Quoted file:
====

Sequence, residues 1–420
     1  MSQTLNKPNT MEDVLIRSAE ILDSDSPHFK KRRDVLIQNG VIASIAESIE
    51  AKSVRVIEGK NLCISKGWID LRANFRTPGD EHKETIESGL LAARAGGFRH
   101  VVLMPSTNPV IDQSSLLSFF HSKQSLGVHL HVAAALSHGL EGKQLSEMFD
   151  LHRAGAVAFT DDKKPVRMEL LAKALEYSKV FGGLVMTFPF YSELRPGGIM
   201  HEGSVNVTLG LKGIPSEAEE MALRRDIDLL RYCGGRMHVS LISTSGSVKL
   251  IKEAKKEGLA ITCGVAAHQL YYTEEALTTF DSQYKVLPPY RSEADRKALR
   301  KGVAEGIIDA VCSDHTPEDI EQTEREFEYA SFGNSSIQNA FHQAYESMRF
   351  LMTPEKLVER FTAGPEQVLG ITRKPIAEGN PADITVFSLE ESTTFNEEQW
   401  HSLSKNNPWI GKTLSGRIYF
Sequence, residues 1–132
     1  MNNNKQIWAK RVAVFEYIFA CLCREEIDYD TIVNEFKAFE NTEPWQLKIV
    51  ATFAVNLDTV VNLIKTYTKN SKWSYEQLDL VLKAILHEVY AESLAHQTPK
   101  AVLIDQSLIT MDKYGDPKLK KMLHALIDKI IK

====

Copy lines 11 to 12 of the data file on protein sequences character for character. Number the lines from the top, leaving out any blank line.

Sequence, residues 1–132
     1  MNNNKQIWAK RVAVFEYIFA CLCREEIDYD TIVNEFKAFE NTEPWQLKIV